[0004] As the user carries his/her Bluetooth device about, traveling among other Bluetooth devices, a trail is left in the form of the user's Bluetooth Device Address (BD_ADDR), which the device has given out at each transmission of an inquiry response packet. The user's routes and activities can be tracked by logging the times and locations of the observance of his/her device's Bluetooth Device Address. To the extent that the user is identified with his/her device's Bluetooth Device Address, it is almost as if the user were giving out his/her personal identity number to each inquiring Bluetooth device. This realization will certainly be exploited in the future by market researchers, and possibly by more sinister observers, thereby seriously compromising the user's privacy and possibly the user's safety.

[0005] What is needed is a way to provide a pseudonym for a Bluetooth device so that the user's identity, routes, and activities cannot be correlated with his/her device's address.

SUMMARY OF THE INVENTION

[0006] In accordance with the invention, the user's Bluetooth device substitutes a pseudonym address for the Bluetooth Device Address (BD_ADDR). The pseudonym address is a randomized version of the BD_ADDR. The pseudonym address is used in all the functions of the Bluetooth device that normally use the BD_ADDR, including the frequency hopping sequence, the device access code, the initialization key in link encryption, the authentication code, and the various packet addresses.

[0007] The user is provided with a menu of privacy options, to select the various features of the invention. Since the BD_ADDR includes a manufacturer's code part, the user is given the option of preserving that part and randomizing the rest of the BD_ADDR. The user can select other parts or all of the BD_ADDR to randomize.

[0008] The user can select introducing various parameters into the random number generator as initialization vectors to combine with the BD_ADDR, such as time-of-day clock values or biometric values such as keyboard latency, to change the random number sequence and thus thwart an eavesdropper's discovery of that sequence. The resulting randomized pseudonym address is then stored in an address manager table, associating it with the paired Bluetooth devices with which the pseudonym address is exchanged.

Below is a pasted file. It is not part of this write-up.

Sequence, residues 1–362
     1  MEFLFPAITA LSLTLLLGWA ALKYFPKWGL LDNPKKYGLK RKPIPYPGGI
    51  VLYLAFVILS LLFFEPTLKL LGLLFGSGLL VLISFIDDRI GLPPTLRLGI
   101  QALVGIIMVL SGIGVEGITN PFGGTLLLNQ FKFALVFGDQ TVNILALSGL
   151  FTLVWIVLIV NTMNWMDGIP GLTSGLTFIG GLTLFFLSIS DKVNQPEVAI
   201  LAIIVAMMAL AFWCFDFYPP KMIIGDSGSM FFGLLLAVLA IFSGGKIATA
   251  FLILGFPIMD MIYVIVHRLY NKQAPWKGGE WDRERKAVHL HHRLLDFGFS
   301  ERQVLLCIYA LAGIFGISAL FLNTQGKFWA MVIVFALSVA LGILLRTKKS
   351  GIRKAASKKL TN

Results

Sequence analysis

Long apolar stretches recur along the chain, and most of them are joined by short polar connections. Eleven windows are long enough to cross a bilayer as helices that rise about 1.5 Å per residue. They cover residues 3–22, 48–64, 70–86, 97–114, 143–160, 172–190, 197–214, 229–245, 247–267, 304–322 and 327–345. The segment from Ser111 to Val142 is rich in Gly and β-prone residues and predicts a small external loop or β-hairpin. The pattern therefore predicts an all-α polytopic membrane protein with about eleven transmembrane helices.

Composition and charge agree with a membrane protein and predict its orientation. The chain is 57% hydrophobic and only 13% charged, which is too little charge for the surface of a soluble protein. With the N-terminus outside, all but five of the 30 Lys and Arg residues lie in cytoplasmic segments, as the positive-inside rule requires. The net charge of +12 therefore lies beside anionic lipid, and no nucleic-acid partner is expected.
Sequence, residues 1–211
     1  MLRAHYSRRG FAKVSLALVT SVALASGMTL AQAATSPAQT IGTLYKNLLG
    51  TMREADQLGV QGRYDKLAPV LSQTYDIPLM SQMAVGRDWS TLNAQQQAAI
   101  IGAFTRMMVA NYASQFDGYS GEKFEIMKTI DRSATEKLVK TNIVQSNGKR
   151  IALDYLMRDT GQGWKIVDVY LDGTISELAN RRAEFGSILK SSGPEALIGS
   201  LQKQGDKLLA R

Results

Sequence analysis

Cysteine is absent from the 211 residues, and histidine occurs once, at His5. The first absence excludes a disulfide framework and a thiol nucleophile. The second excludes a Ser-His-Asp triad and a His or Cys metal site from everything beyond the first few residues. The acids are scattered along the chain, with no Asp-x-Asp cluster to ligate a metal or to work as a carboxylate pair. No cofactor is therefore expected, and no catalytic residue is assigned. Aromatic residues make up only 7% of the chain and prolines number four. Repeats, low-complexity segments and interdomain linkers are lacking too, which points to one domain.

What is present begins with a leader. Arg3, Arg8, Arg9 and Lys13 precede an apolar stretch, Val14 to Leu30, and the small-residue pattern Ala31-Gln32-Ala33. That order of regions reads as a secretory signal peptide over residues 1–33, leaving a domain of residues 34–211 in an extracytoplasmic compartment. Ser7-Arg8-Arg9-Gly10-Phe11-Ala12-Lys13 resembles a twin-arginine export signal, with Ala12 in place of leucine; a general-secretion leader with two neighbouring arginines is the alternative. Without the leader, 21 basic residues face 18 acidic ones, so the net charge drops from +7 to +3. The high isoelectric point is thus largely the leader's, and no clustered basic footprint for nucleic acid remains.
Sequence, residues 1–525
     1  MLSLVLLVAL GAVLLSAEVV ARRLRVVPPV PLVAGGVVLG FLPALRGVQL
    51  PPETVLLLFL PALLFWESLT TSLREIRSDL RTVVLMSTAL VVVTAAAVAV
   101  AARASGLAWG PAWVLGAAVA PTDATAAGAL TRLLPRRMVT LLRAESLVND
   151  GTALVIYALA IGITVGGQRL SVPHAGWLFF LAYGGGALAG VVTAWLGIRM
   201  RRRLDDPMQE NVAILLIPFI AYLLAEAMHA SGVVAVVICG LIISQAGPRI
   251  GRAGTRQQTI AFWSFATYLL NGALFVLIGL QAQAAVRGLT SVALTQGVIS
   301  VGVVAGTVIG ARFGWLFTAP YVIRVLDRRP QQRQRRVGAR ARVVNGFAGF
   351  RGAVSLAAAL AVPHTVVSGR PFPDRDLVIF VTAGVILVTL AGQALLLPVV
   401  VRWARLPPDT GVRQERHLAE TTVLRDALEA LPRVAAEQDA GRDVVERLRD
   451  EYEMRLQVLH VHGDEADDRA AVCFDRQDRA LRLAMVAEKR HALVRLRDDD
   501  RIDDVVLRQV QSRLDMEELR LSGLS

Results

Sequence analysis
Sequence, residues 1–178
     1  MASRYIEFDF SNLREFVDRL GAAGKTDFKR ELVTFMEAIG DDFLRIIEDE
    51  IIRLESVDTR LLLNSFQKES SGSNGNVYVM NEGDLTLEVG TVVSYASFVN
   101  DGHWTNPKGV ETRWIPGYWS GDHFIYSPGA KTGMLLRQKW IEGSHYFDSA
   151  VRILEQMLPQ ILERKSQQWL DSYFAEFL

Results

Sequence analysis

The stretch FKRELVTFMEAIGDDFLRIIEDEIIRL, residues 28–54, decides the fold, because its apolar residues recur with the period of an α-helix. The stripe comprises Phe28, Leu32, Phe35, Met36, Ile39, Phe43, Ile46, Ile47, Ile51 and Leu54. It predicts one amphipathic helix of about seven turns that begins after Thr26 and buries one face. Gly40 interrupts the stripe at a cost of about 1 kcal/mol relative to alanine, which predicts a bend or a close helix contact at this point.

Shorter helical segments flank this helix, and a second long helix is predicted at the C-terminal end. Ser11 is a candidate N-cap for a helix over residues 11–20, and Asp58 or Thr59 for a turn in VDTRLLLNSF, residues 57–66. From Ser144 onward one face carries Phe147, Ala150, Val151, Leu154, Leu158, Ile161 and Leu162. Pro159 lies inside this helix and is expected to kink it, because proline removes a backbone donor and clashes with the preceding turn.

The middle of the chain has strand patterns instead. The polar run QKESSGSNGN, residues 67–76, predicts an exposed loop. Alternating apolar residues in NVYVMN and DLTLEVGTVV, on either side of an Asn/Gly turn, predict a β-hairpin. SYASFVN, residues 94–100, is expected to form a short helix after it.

[0009] For example, when the user's device receives an inquiry message from another Bluetooth device, it sends back an inquiry response message that contains the user's pseudonym address instead of his/her device's BD_ADDR. As another example, when the user's device has the role of a master device connected to a slave device in a piconet, then the user's pseudonym address is used as the piconet access code, instead of his/her device's BD_ADDR.

[0010] The user is also given a number of options for the retention of the pseudonym address in the address manager table. The anonymity of the user would otherwise be undermined if the same pseudonym address were to be used indefinitely. In accordance with the invention, the address can be retained for a predetermined time or count selected by the user. Alternately, the address can be retained for a duration that at least begins with an inquiry received from another device and ends if no connection is made after the inquiry. Similarly, if the user's device initiated sending an inquiry message, the address can be retained for a duration that at least begins with the inquiry and ends if no connection is made after the inquiry. Pseudonym addresses can be computed prior to when they are needed, and then stockpiled by storage in a table in the user's device.

[0011] In an alternate option, the pseudonym address can be retained for a duration that ends when a piconet context changes for the user's device. When the user's device is the master device in a piconet, the pseudonym address will be used in the piconet access code. Thus, the user's device will retain the pseudonym address until the piconet is broken up or until the user's device relinquishes its role as the master device. Alternately, the address can be retained for a duration that at least begins with the sensing of the current physical location of the user's device, and ends if that physical location changes beyond a predefined distance, such as the nominal radio broadcast range of a Bluetooth device. Alternately, the address can be retained for a duration that at least begins with an inquiry that establishes a connection with another device, and ends when that connection is torn down or otherwise terminated. In this way it is not possible to track the usage of the user's device nor discover the real, unique BD_ADDR of the device.